Firm cites strategic reasons for withdrawing from South Korean capital, decision not because promise of open market was revoked.
Simpson Thacher & Bartlett will close its Seoul office by the end of the year, after six years of operation. The US firm is the first of the 28 foreign firms there to do so since South Korea opened up its legal market in 2012.
Hong Kong base
The firm already relocated its Korea practice back to Hong Kong earlier this year. Youngjin Sohn, a corporate partner and head of Simpson Thacher’s Seoul office, will leave the firm. Mr Sohn had relocated from New York to open the office six years ago, and is the only lawyer remaining in the Seoul office after the departures of corporate associates last year.
Simpson Thacher was among the first US firms to launch a physical presences in Seoul after the ratification of the US-Korea free trade agreement. The office focused on capital markets, cross-border mergers and acquisitions, and private equity investments.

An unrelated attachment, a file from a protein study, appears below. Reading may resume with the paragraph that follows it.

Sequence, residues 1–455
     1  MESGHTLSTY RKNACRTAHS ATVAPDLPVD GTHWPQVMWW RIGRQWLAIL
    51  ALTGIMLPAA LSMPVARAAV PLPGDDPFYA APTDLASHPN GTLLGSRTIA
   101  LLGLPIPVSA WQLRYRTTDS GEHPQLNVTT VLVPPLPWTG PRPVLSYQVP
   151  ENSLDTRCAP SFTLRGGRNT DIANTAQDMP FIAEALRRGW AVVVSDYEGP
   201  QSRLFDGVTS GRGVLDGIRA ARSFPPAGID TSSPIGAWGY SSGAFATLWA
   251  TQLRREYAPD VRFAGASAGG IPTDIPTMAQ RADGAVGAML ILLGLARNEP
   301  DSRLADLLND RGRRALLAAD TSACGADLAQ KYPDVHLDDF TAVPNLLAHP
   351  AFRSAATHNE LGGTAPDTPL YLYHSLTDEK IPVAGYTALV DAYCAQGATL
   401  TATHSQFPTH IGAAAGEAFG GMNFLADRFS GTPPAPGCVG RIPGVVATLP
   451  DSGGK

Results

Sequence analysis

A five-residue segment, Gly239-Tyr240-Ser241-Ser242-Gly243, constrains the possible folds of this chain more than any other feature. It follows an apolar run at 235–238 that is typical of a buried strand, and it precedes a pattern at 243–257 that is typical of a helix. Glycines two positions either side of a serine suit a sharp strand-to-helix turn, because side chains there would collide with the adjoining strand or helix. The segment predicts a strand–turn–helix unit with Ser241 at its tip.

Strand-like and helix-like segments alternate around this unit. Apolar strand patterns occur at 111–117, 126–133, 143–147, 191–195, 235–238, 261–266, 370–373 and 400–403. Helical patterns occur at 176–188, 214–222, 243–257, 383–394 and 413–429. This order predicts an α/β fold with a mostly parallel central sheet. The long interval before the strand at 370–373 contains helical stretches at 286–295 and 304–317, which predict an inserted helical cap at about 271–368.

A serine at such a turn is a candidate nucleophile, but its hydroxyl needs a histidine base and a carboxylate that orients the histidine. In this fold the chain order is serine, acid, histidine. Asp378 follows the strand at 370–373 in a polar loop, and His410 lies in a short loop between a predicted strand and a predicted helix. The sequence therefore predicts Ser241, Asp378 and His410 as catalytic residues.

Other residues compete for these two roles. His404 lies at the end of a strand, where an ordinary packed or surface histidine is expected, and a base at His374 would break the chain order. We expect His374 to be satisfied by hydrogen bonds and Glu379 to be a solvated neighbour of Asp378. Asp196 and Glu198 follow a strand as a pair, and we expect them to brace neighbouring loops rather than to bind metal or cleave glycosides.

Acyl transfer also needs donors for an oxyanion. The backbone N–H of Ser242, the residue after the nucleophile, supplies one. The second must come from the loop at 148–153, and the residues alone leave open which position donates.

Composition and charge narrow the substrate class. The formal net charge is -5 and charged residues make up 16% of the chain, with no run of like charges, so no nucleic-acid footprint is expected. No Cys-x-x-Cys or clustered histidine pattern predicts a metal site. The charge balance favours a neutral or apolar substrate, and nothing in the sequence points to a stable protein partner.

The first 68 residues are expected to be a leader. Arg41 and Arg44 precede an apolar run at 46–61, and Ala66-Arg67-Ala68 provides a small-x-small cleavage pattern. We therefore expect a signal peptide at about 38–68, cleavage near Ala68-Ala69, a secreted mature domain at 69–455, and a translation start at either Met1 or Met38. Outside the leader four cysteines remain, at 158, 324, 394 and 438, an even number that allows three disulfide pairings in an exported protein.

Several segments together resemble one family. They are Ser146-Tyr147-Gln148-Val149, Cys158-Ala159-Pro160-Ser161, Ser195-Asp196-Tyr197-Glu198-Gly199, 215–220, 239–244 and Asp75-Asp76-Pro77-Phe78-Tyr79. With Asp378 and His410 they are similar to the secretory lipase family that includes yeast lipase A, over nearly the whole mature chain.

The firms says the Seoul office is closing for strategic reasons but firm will continue serving clients active in Korea from the Hong Kong office, which has five Korean-speaking lawyers. The departures still leaves 27 foreign firms, 21 of which are American, the most recent big law entrant being Latham & Watkins which opened its Seoul office in 2016. That same year, the legislature passed a revision to the Foreign Legal Consultant Act, revoking the promise of fully opening up the market and only allowed restrictive joint ventures between established local practices and foreign firms. To date, none of the 28 foreign firms established such joint ventures. Mr Sohn said the change law did not affect Simpson Thacher’s decision to close its Seoul office.